As you resist temptation, keep a close watch on the stories around you, not with a prurient interest and certainly not with a sense of moral superiority, but with a sense of warned empathy. You could be in every one of those situations. Feel the horror that comes with each of them.
Also, though, keep before your conscience the warnings of eternal loss. I recognize that this idea will probably trouble many of you so let me preface it by saying what I’m not arguing. I am not arguing that you ought to be wondering whether or not Jesus will reject you and you’ll go to hell. I believe one who is genuinely born from above by the Spirit will continue in that faith until the very end. The one who believes in Christ will be raised with him at the last day (Jn. 6:40). But, at the same time, no one will be saved who doesn’t “endure to the end” (Matt. 10:22; 24:13; Mk. 13:13). The Spirit ensures that the living faith that begins at the onset of the Christian life continues throughout it.
And the Spirit uses warnings, as well as promises, in order to prod us along to continued faith and repentance. If I’m tempted to deny Jesus in the face of persecution, the Spirit prompts me to remember that “whoever denies me before men, I will also deny before my Father who is in heaven” (Matt. 10:33). When I am tempted to refuse to forgive, the Spirit prompts me to consider that “if you do not forgive others their trespasses, neither will your Father forgive your trespasses” (Matt. 6:15). This needn’t create a lack of assurance. The Apostle Paul, after all, knew with complete certainty that he was saved; he had seen the Lord Jesus and heard his voice telling him so (Acts 9:1-19). Nonetheless, Paul wrote to the tempted Corinthians, about himself: “But I discipline my body and keep it under control, lest after preaching to others I myself should be disqualified” (1 Cor. 9:27). The gravity of hell before us doesn’t rob us of assurance but actually propels us toward it because it creates repentance. Repentance, and confession of sin, is the means by which our consciences are cleansed (1 Jn. 1:9).
More important than the warnings are the promises. God knows, in the short term and in the eternal term, what it takes to give us the peace, wholeness, and life that we crave. If the immediate is all you see, you are going to be unable to see the joy that comes with, for example, being able to hold your dementia-ridden spouse’s hand knowing you never violated your marriage covenant. It is not easy to see the kind of joy that comes with ending a “small” but good life as opposed to having a powerful but miserable one. You don’t know what’s best for you. You don’t even know what you really want. Sometimes what we want is hell. Your Father knows what’s best for you, and he’ll train your affections until you want it too.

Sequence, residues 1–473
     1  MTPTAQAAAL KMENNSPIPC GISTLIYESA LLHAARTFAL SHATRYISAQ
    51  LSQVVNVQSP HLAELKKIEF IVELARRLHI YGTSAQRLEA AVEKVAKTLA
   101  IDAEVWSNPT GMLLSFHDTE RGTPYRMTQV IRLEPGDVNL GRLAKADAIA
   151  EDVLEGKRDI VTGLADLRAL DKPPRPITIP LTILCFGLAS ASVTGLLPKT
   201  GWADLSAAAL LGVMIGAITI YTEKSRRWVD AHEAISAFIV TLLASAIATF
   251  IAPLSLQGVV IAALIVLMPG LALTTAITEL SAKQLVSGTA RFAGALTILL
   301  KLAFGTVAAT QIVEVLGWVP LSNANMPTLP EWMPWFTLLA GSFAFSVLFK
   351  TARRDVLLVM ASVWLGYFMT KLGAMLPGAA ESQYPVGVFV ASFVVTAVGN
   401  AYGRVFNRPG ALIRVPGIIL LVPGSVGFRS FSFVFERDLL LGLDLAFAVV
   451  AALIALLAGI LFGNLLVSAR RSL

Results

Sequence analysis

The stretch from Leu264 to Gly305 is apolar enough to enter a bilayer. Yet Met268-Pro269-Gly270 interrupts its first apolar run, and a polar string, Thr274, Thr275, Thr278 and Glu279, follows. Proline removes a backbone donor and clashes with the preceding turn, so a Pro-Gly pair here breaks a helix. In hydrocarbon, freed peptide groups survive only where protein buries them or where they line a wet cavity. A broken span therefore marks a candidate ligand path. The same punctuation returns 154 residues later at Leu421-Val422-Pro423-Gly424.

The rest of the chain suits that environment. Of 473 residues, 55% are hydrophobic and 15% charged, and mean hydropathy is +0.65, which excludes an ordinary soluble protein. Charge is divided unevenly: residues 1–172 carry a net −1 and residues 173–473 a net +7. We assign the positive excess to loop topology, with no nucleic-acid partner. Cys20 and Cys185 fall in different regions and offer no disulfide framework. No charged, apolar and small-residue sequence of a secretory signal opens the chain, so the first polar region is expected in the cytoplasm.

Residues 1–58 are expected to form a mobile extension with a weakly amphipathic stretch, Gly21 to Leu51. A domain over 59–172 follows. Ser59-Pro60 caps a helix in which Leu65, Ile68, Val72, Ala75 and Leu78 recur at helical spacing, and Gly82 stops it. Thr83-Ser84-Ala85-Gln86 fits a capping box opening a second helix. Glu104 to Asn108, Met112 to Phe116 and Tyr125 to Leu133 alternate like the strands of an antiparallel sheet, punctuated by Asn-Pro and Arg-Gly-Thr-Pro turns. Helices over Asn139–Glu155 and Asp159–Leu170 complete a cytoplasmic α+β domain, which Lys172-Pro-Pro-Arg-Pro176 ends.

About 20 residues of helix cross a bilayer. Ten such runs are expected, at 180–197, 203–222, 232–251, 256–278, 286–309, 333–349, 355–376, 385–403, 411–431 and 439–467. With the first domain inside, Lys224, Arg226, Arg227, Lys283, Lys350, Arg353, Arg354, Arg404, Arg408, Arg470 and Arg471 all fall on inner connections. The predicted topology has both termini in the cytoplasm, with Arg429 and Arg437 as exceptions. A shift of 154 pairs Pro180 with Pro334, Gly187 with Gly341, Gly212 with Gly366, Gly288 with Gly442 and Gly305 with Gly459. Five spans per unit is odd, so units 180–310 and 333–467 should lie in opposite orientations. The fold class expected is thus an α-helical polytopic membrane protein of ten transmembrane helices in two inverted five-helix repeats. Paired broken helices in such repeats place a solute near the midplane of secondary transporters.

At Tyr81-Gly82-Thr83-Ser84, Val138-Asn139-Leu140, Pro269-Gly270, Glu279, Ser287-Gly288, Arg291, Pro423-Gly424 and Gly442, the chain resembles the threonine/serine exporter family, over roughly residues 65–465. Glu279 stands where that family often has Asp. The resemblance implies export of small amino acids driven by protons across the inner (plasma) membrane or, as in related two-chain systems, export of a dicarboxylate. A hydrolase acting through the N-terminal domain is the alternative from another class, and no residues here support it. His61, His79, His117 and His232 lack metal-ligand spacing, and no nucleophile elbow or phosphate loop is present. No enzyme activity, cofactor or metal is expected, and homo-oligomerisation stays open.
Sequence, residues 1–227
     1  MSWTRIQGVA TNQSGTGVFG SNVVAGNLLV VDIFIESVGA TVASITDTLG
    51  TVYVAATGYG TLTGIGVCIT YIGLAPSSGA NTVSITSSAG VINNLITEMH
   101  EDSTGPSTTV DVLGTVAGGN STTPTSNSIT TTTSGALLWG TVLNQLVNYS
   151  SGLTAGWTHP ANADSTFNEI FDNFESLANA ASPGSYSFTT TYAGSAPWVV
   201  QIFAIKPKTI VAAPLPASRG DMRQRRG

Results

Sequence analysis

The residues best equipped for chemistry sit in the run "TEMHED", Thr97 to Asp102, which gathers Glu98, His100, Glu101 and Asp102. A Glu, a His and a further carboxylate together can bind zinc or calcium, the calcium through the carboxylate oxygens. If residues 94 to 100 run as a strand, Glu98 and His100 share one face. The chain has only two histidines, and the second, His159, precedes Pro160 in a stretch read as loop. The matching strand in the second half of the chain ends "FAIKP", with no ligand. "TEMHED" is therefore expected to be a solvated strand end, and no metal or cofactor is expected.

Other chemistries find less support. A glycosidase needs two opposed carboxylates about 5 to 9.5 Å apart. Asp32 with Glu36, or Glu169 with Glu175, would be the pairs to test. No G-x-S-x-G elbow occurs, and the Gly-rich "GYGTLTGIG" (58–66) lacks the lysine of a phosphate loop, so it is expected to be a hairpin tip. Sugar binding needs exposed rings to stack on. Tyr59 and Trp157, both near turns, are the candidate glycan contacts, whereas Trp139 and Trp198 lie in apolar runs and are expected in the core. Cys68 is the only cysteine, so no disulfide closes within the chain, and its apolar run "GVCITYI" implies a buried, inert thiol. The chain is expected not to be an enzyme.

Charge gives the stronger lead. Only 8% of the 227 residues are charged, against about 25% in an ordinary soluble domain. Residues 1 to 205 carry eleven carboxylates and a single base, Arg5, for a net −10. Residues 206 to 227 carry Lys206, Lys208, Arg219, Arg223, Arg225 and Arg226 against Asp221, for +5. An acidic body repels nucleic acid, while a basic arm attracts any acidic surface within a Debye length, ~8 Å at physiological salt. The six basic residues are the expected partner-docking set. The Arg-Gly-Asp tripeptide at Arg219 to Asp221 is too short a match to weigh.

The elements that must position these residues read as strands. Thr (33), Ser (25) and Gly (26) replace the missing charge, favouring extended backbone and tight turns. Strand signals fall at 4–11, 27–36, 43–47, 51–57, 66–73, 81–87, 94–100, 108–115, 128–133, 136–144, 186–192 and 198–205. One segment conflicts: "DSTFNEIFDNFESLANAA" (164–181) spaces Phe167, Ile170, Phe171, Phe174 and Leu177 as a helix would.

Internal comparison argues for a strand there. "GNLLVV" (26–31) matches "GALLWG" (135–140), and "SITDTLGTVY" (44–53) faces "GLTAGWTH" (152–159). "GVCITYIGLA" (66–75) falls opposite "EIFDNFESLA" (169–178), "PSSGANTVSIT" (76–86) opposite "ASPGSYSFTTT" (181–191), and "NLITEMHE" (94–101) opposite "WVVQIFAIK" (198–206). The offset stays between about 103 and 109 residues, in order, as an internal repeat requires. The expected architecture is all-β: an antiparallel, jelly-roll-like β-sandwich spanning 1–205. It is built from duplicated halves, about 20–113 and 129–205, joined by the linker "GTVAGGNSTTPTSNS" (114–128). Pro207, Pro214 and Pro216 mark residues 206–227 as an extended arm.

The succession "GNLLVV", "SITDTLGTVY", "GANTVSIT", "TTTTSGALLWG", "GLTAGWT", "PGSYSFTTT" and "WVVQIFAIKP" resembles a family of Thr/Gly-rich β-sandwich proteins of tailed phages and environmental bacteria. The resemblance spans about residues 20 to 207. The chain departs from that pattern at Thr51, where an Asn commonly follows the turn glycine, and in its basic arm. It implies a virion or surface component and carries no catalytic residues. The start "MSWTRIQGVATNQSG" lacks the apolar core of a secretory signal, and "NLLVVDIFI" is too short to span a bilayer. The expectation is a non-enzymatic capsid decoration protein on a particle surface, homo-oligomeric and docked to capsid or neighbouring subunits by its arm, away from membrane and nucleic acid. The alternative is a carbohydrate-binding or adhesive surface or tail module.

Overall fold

And even greater than temporal blessing, which is often difficult to see through finite sinful eyes, is the “assurance of things hoped for, the conviction of things not seen” (Heb. 11:1). Part of this is because it’s simply impossible for us to comprehend such glory right now (1 Cor. 2:9). Also, we learn to hope for what we don’t yet perceive because God knows that produces the patience that yields the character we’ll need to rule as kings and queens over his creation (Rom. 8:18-23; 1 Pet. 1:4-9; 2 Pet. 1:5-11). This emerging patience is a sign that we are becoming “partakers of the divine nature” (2 Pet. 1:5), right along with our Lord Jesus. Finally, we’re able to see why our promise is delayed when we see ourselves in the context of the whole church, that number no man can number streaming through the millennia “awesome as an army with banners” (Song of Sol. 6:10).
Clinging to the promises of God, again, isn’t primarily an intellectual activity. It is first and foremost a receiving of glory, a glory that is perceived by more than just the cognitive capacity. The prophet Isaiah was “undone” by the light of the glory of God’s presence (Isa. 6:1-6). The Apostle John tells us the glory Isaiah saw was Jesus of Nazareth (Jn. 12:41). When we hear the gospel preached and when we worship through Jesus together, the glory of God breaks through (2 Cor. 4:6). Some people recoil at that light; some people run to it (Jn. 3:19-21).
Sometimes the most effective thing you can do to combat temptation is to leave your “accountability group” for a while and sense a foretaste of the New Jerusalem with your local congregation, singing hymns and songs, eating bread and drinking wine, and hearing the voice of Jesus through the preached word. As you do so, remember you’re part of a trans-national, trans-generational, trans-ethnic body of the redeemed. Those singing with you in heaven right now have already been through your struggles. That cloud of witnesses gathers around you, spurring you on in hope. Those around you are likewise groaning for the same redemption you long for. And, before all of you stands Jesus—who was tempted, tested, tortured, and yet is, finally, triumphant. As you perceive his invisible glory, you begin to see what seems incredible in the wilderness. You will find that you’ll be able to say, as did writer Flannery O’Connor: “I believe love to be efficacious in the loooong run.”
This article is an excerpt from my book, Tempted and Tried: Temptation and the Triumph of Christ
For an excellent defense of the warning passages as a means of endurance in the faith, see Thomas R. Schreiner, Run to Win the Prize: Perseverance in the New Testament (Wheaton, IL: Crossway, 2010).
Letter from Flannery O’Connor to Betty Hester, cited in Brad Gooch, Flannery: A Life of Flannery O’Connor (New York: Little, Brown, and Company, 2009), 337, from Flannery O’Connor, Collected Works (New York: Library of America, 1988), 948.